- - Thursday, August 1, 2019


This is former investigative journalist Jeff Guinn’s fifth book, and the second one with the word “road” appearing in the title. The other, his maiden venture as an author, was “The Road to Jonestown: Jim Jones and Peoples Temple,” dealing with the murderous left-wing cult leader who put Kool-Aid back on the map in the worst possible way. 

Mr. Guinn’s Jonestown saga was followed by a book on a second homicidal guru, Charles Manson, and then an account of the gunfight at the O.K. Corral. After that came one on Bonnie and Clyde, the tabloid crime couple who, had they been alive today, would probably be signed up by GM to do celebrity endorsements on the theme of, “Rob the U.S.A. in Your Chevrolet.”

With “The Vagabonds,” Mr. Guinn has hit the literary road yet again. Only this time there isn’t a murderer in sight. Instead, he has spun the entertaining but also rather edifying tale of how, for the decade between 1914 and 1925, three of the most famous Americans of their time — and each a major shaper of our modern way of life — spent vacations “on the road” together previewing the widened horizons and greater mobility that their own creations would make available to millions of ordinary Americans.

The men in question were Thomas Alva Edison, Henry Ford and Harvey Firestone.

Edison’s incandescent light bulb brightened American homes and many of his other inventions harnessed the same new energy source, electricity, to thousands of labor-saving home and industrial applications that we now take for granted. He also invented a recording system and a phonograph that, for the first time, brought the sounds of the world’s greatest musicians into American living rooms, just as his patented movie camera — and pioneering East Coast film studio – laid the foundation for the mighty motion picture industry. 

Henry Ford, the ultimate autodidact, was a genius-in-the-rough who designed a sturdy, reliable and well-designed car, the Model T, and perfected a cost-effective assembly line system that made automobiles — previously a status symbol limited for the very wealthy — affordable for the average American. It was nothing less than a revolution on wheels, and it was Harvey Firestone, the third member of the trio, whose superior inflatable tires kept the wheels spinning.

One of the most useful lessons to be drawn from Mr. Guinn’s breezy, unpretentious account of these three titans and their annual forays into America’s small towns and wide open spaces, is its reminder of how, a century ago, the rich and famous celebrities that most Americans looked up to tended to be practical visionaries, clean-living entrepreneurs who made history as well as big bucks, and who, whatever their personal limitations, were optimists about America and proved by their achievements that their optimism was justified.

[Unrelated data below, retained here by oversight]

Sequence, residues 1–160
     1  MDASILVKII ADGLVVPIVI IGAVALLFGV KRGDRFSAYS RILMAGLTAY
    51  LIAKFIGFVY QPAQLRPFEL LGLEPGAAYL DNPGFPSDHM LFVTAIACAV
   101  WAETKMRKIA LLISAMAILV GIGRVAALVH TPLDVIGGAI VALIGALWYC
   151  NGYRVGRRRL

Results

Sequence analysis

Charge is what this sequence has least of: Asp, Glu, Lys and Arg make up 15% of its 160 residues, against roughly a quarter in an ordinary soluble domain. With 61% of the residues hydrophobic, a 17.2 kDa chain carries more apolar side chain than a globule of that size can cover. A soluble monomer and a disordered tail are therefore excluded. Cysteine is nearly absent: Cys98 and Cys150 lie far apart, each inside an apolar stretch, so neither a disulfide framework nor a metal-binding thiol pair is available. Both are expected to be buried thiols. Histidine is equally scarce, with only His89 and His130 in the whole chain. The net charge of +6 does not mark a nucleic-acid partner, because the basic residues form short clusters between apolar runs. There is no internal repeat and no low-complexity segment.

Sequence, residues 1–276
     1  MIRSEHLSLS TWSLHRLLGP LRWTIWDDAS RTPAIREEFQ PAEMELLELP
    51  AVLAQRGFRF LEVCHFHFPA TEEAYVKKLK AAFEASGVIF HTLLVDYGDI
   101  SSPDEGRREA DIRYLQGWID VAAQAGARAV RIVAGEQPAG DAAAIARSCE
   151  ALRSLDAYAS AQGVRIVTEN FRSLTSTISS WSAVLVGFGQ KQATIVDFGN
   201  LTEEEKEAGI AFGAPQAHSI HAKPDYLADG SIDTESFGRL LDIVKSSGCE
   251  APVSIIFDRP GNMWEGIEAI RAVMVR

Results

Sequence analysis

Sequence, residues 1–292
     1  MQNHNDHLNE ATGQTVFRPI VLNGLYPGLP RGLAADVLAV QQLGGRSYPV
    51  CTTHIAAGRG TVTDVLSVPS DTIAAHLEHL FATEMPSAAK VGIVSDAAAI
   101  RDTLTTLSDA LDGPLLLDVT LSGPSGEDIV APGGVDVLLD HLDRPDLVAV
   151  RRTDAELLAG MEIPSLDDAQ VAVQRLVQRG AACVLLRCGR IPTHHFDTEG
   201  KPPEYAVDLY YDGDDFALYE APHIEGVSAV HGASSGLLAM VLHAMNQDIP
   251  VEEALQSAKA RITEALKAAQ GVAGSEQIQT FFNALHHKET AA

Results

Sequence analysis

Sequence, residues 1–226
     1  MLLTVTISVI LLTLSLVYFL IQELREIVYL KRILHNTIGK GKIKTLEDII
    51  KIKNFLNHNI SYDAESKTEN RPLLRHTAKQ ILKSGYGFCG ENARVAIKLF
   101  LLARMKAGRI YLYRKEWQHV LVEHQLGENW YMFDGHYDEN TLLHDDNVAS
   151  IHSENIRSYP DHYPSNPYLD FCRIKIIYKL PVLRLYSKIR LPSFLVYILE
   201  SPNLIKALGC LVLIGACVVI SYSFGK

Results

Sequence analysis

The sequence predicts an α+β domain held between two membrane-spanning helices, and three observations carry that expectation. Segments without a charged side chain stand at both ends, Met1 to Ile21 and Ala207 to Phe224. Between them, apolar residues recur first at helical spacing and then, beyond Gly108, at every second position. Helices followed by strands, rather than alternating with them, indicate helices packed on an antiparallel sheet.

Of course, it wasn’t all sightseeing and sitting around campfires. They were attended by a big entourage and pursued by the press. En route visits with two U.S. presidents — Warren G. Harding and Calvin Coolidge — brought plenty of free publicity and the gratifying feeling that they were meeting their commanders in chief on an equal footing: American icons all. 

All three had their faults and foibles. Henry Ford, in particular, fell for some of the ancient libels leveled against Jews and tried to turn the Dearborn Independent, a local Michigan weekly he purchased, into a major national journal trumpeting his anti-war, anti-Semitic message from coast to coast. He wasted millions, failed miserably and eventually recanted. But painful scars remained. I still remember a late 1950s conversation I had with a Jewish friend in junior high. When I mentioned that my father drove a Ford he told me that his family had a Dodge and would never dream of buying a Ford. It was several years before I found out why. 

Ford, minimally educated, something of an idiot-savant and by no means a cruel man, imbibed and espoused hateful ideas with an incredible naivete. “He was shocked and hurt,” Mr. Guinn writes, “when Jews he considered friends took offense at the articles [in the Independent]. His regard for Rabbi Leo Franklin of Detroit was such that he’d recently presented him with a Model T as a gift. Soon after the Independent began its anti-Semitic campaign, Rabbi Franklin returned the car. He received a personal phone call from the baffled Ford, who asked plaintively, ‘What’s wrong, Dr. Franklin? Has something come between us?’”  

It would almost have been funny if it hadn’t been so sad.

• Aram Bakshian Jr., a former aide to Presidents Nixon, Ford and Reagan, has written widely on politics, history, gastronomy and the arts.

• • •

By Jeff Guinn
Simon & Schuster, $28, 306 pages

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